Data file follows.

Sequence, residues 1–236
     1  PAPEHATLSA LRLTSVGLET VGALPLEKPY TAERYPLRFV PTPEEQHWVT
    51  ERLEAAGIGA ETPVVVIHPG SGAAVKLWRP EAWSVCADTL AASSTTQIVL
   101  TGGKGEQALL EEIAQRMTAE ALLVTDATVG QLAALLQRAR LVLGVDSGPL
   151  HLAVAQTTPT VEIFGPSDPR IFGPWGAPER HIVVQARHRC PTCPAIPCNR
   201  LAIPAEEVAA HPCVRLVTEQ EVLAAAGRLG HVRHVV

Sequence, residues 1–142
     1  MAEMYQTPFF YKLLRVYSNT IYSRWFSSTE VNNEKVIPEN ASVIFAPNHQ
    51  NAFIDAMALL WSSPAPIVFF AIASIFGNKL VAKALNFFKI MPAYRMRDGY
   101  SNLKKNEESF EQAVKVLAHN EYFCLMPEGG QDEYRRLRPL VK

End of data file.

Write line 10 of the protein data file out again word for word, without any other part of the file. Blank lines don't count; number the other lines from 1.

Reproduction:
   101  SNLKKNEESF EQAVKVLAHN EYFCLMPEGG QDEYRRLRPL VK